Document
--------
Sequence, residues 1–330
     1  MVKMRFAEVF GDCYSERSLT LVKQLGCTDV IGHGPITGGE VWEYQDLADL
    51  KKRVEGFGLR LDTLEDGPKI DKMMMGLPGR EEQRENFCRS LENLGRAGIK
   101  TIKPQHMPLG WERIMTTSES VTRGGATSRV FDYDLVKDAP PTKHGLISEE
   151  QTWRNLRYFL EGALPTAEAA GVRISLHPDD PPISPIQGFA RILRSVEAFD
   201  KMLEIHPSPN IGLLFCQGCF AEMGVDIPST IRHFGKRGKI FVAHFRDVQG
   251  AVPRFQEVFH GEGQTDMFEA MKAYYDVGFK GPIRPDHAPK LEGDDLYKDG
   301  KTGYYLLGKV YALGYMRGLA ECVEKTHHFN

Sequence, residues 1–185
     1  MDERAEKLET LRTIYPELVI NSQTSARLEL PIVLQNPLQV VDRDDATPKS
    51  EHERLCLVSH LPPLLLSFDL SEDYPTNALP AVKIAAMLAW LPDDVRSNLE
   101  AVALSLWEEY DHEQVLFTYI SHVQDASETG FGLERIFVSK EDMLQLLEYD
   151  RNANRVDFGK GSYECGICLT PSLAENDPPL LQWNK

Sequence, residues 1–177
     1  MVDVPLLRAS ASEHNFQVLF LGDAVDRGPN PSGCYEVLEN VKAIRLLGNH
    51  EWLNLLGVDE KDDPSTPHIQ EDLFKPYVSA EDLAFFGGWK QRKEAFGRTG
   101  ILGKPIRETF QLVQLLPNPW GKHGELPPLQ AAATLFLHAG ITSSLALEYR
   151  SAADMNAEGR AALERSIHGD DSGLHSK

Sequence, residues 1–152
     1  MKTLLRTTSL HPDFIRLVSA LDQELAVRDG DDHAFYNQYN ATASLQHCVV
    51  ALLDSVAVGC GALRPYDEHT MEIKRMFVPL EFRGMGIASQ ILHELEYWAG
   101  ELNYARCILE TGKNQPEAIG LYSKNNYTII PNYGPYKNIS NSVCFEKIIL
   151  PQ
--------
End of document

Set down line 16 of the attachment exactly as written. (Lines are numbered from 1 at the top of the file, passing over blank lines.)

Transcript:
    51  EWLNLLGVDE KDDPSTPHIQ EDLFKPYVSA EDLAFFGGWK QRKEAFGRTG